Fenty’s existence is historic: Rihanna is the only black woman at the helm of a luxury house, acting not only as its chief creative but also as head businessperson.
The first campaign images and videos feature models of all skin tones and ages suited up in Fenty’s blazer dresses and pointy heels.
And though the sizing of this first collection isn’t as extensive as what you might find at Savage X, Rihanna’s lingerie line, it’s notable when you compare it to direct competitors in the luxury space: The inaugural drop will go up to a French size 46, which is a US 14. (According to a 2018 report from Fashionista, brands like Balenciaga, Balmain, and Givenchy only go up to a US 12.)
When Rihanna launches something, it’s not just big – it sets a new standard. She did it with Fenty Beauty and its foundations for 40 different skin tones. (Providing so many foundation colours might feel like a more common practice now, but just two years ago it was groundbreaking.) She did it with her debut fashion show for her Savage X lingerie, featuring a beautifully inclusive cast of models that felt like an antidote to the Victoria’s Secret Fashion Show’s parade of sample-size women. And when she launches her luxury fashion house, Fenty, she’ll be the first black woman to lead a brand under the LVMH umbrella. (LVMH, the conglomerate that owns Louis Vuitton and Dior, is underwriting this venture.) So yes, expect it to be big.
Rihanna is CEO and artistic director of Fenty, a new high-end clothing and accessories line that opens online today. Though it’s more expensive than her past partnerships, the price point is on the lower end of the luxury bracket: T-shirts start at around £190 and outerwear goes up to £1,050. More important, Fenty is built on and follows many of the same principles that have defined Rihanna’s various retail ventures, with representation at its core.
Plus, Fenty is only the second brand in its history that LVMH has built from the ground up. The first was Christian Lacroix – and that was back in 1987. Rihanna moved to London to build the company, which is based primarily in Paris. The conglomerate knows firsthand the power she can have over a brand: It has a stake in Fenty Beauty, which made nearly 500 million euros in 2018. But as the company enters a new chapter in its relationship with Rihanna, it isn’t following some cookie-cutter formula for financial success.
Another differentiating factor is Fenty’s modern, social-media-savvy approach to distribution: Whereas most brands in the LVMH portfolio will show new, fully formed collections on the biannual spring-fall schedule, Fenty will release products in “drops” every few weeks, each one curated with a specific theme or vibe. (The first, Release 5-19, is sleek, sophisticated, and tailored – big-shoulder blazer dresses with waists cinched by belt bags.) It’ll all go online first – direct to consumer, in industryspeak – which means it can appeal directly to the shopper. This also allows Fenty “to really speak to how multifaceted today’s woman is,” Jahleel Weaver, its style director, told the New York Times.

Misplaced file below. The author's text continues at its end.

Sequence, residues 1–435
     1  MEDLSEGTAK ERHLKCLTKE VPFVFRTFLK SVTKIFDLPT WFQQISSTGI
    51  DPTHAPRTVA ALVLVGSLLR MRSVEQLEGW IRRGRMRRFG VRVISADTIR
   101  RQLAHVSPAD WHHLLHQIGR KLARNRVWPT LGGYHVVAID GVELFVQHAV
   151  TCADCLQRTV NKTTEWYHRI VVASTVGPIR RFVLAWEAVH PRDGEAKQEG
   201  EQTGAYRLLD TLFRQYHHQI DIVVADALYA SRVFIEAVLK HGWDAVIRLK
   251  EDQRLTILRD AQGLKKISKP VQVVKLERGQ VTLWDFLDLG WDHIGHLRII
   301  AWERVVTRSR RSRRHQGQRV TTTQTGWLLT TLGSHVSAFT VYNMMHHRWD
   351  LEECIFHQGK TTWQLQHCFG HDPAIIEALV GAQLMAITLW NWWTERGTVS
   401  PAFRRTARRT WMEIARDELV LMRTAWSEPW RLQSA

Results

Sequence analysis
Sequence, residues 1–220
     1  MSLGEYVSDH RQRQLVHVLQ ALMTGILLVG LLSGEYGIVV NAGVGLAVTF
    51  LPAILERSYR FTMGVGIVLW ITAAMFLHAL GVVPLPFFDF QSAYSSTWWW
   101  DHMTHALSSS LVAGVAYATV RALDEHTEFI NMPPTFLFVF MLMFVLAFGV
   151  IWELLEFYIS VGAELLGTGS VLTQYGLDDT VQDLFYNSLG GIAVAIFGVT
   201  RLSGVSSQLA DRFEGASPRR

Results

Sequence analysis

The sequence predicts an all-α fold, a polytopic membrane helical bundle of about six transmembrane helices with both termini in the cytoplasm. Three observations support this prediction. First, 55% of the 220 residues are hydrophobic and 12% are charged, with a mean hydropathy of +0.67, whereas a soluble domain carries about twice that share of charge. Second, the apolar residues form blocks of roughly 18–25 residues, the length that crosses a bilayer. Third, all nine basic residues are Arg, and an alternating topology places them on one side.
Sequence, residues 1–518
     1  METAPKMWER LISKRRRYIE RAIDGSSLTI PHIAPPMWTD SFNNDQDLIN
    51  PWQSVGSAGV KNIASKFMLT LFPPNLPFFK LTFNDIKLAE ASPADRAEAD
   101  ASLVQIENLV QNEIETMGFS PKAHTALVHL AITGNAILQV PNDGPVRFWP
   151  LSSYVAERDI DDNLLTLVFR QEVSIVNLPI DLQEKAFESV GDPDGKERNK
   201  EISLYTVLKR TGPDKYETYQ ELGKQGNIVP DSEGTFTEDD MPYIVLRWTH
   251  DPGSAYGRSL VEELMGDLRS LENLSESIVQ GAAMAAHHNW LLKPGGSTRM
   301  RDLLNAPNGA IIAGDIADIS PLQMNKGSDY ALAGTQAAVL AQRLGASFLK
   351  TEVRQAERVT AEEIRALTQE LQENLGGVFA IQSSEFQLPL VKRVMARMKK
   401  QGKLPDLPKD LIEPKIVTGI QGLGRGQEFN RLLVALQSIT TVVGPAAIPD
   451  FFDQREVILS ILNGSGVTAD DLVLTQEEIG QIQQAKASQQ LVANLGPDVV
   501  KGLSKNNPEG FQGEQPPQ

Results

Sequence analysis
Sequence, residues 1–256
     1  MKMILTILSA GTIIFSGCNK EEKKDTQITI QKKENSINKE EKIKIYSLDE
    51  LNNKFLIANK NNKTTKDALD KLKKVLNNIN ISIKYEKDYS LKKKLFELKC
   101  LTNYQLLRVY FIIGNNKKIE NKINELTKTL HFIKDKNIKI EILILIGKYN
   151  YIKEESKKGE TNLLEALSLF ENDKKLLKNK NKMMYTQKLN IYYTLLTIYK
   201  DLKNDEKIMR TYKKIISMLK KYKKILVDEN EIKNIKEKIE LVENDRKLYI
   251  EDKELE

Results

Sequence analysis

“We’re thinking about each release as a different facet to a woman’s wardrobe and how she approaches dressing,” he continued. “Luxury has been defined in the past as one woman, one brand: You know who the Saint Laurent woman is, you understood who the Céline woman was when it was Phoebe Philo. I don’t think she is just one thing, Rih being the perfect example of that.”
“It’s about creating a style for women that makes them feel strong yet beautiful,” Rihanna told the Times in a different interview.
Though Antoine Arnault, head of communications for LVMH, stressed Fenty’s ambitious scope to the Associated Press, he conceded that the launch represents “lots of firsts” for the company. “It’s the first time we, in fashion, are collaborating so frankly with a pop star. But she’s so much more than that. She’s someone who has a bird’s-eye view on fashion and pop culture, who is at the same time obsessed with details.”
It’s not unheard-of for this type of company to be successful: Victoria Beckham, a former Spice Girl, did it with her eponymous line, as did Mary-Kate and Ashley Olsen with Elizabeth and James and The Row – all of them following a successful career in entertainment.
It seems Rihanna’s not trying to simply fall in line with the industry as it stands and be accepted as a designer – she’s working to find solutions to its problem points, to give the customers what they’ve been asking for but haven’t been getting. It’s what made her successful with Fenty Beauty and Savage X. And it’s probably going to be Fenty’s secret sauce.
“If you constantly care what people think, you can sometimes end up hating yourself, so I simply don’t get into it,” Rihanna told the Times. “Ultimately some people will like it. Maybe some people won’t. But it’s just like my albums: The only way it’s getting out into the world is if I really love it and am proud of it. Take it or leave it.”
See the new looks and pieces in Fenty’s first-ever drop ahead, before you shop.